Cribbing from the Sunday paper --
"Thunder Horse is the size of four football fields and is larger than four aircraft carriers.... Tethered by steel cables fastened to 16 deep pilings, Thunder Horse will float a mile above a 54 square-mile oil field of the same name." ...
"The [MMS] estimates there's enough oil under the Gulf for 55 more Thunder Horse-sized fields.'
> Wait a minute. Does the MMS estimate that there are 55 more billion-BOE fields undiscovered in the Gulf, or that there's a total of 55 BBOE undiscovered oil and gas. There's a big difference.
Bloomberg News: Oil firms tell Mexico no thanks. Contracts offered in deep-water Gulf are not profitable, top companies say.
"The contracts ‘do not recognize the high cost and high risk of deep water and so really don't provide us with the ability to do that,’ said Tim Cejka, president of Irving-based Exxon Mobil's exploration unit, in an interview this week at a conference in Veracruz, Mexico."
"The report, funded in large part by a group of heavyweight oil companies, said oil and gas reserves are the best way for investors to gain a clear picture of how profitable an energy company will be in the future. But the SEC's antiquated guidelines could actually be fogging that picture."
The Dallas Morning News: Government inaccurately estimating oil reserves, study says.
"The SEC's system may not account sufficiently for globalization. The study noted it was created for an industry centered on Texas, Louisiana and Oklahoma.
"Today, among companies registered with the SEC, North American reserves account for 17 percent of the global total, compared with more than 65 percent when the government's criteria were established in 1978."
Houston Business Journal: Veritas vessel returns to service.
"The Veritas Viking returned to acquiring multi-client seismic data Wednesday morning.
"No one was injured last month when smoke filled the engine room of the Veritas Viking, which lost propulsion after emergency systems shut down the engines because of the smoke."
"Well 1, drilled to 22,824 ft TMD on West Cameron Block 75, 15 miles off Louisiana in 35 ft of water, logged more than 40 ft of net gas pay in the Lower Miocene."
Houston Business Journal: Halliburton division acquires A2D software business.
"The software Halliburton acquired [from TGS-Nopec], trademarked SmartSECTION, pioneered the use of depth-calibrated well log images for faster, more economical well log correlation and geologic interpretation, Halliburton says."
"Crude oil futures prices fell but remained above the $51 a barrel level on Wednesday after a big spike in the previous session as traders fretted about the impact of a weaker U.S. dollar on energy markets."
> It's a crock to pretend that all of the recent increase in the price of oil, measured in dollars, is an increase in its underlying commodity price. If we (the US) are going to continue eroding the value of the dollar through bad fiscal policy, we are going to have to pay more for things we import.
The Boston Globe: Noise makers. The ocean floor holds secrets that could help predict tsunamis and explain the dinosaur extinction, but environmentalists say the research is too loud for marine life.
"The vessel [the Maurice Ewing], which is owned by the US National Science Foundation and operated by Columbia University's Lamont-Doherty Earth Observatory, is one of more than 40 vessels worldwide equipped for seismic testing. The technique involves using high-powered air guns to blast powerful, low-frequency sound up to 20 miles into the ocean's crust."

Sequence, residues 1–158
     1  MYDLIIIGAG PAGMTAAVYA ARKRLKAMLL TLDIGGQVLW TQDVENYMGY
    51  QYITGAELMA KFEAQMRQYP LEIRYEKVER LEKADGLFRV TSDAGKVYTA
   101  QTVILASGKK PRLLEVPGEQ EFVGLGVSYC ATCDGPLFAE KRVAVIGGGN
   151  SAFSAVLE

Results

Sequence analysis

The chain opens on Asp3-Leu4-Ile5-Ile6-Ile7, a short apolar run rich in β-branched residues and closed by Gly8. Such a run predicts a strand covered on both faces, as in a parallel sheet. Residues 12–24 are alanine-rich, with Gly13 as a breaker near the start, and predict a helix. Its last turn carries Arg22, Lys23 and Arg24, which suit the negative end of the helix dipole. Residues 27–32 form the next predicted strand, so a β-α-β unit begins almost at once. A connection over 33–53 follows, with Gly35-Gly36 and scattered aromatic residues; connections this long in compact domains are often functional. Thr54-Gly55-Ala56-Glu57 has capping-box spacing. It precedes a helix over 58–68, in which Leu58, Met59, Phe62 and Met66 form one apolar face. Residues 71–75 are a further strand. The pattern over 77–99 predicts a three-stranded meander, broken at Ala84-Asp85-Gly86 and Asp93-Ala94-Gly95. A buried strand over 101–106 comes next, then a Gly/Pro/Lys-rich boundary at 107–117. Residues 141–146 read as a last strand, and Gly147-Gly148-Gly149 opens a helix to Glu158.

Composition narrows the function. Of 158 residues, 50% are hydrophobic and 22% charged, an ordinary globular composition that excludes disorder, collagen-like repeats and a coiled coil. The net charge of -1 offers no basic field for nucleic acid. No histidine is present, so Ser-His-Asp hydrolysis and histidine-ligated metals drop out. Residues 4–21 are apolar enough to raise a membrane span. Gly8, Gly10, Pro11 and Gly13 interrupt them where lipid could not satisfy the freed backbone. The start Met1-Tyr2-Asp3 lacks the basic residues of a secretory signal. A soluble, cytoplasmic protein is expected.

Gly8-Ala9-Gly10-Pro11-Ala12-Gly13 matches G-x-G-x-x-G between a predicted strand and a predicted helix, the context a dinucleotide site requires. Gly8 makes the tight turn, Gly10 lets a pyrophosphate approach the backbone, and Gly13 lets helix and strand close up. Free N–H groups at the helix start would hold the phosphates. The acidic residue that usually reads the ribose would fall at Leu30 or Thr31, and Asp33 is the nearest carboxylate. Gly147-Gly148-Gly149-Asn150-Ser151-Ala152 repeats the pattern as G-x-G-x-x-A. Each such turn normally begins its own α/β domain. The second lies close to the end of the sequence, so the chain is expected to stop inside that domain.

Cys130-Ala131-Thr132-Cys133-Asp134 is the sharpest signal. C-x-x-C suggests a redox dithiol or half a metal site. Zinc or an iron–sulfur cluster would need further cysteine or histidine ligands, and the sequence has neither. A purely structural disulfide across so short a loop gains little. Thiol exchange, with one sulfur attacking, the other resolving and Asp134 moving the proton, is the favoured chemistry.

> If you read far enough into the article, eventually you get to --
"‘There's never been a scientifically documented case that marine mammals have been harmed as a result of air guns,’ said Gail Christeson, a University of Texas marine seismologist involved in the project." ...
"... Peter Tyack, a specialist on marine mammals at the Woods Hole Oceanographic Institution on Cape Cod ... is among scientists helping the federal government set new guidelines for underwater research. ... He argued, however, that the most effective way of protecting marine animals would be to implement controls on international commercial shipping, which accounts for 90 percent of underwater noise."
"Venezuelan president Hugo Chavez said Sunday that he would stop oil exports to the United States if the U.S. government tries to assassinate him."
The Halifax Herald Limited: Minister defends oil deal.
"Energy ministers from Atlantic Canada were in Halifax on Saturday for the unveiling of a new standard for offshore seismic testing. Their federal counterparts said there will now be a standardized code of conduct used to approve seismic testing that results from a union of science and government. While the oil and gas sector will have to jump through more hoops to do seismic testing, the changes won't discourage offshore development and could actually encourage it, said an industry spokesman."
"Norway's Ministry of Petroleum and Energy plans to offer 17.5 million shares of Statoil ASA to private investors in Norway and Europe during July, reducing the Norwegian government's stake to 71% from 76%."
The Associated Press: U.S. Research Ship Faces Mexican Fines.
"In a significant embarrassment for American scientists, a U.S. research vessel conducting controversial sound-wave research off Mexico's Gulf coast faces heavy fines for running aground on a coral reef."
"Mexico's Environment Department said the U.S. ship Maurice Ewing must stop the research voyage until it pays for damage done to underwater rock formations and coral about 30 miles off the Yucatan peninsula in the Monday accident." ...
"‘We have to make fun of modern, sophisticated ship that has technology capable of registering every bump on the sea floor, but which can't even see a reef,’ said Araceli Dominguez of the Mayab Ecological Group."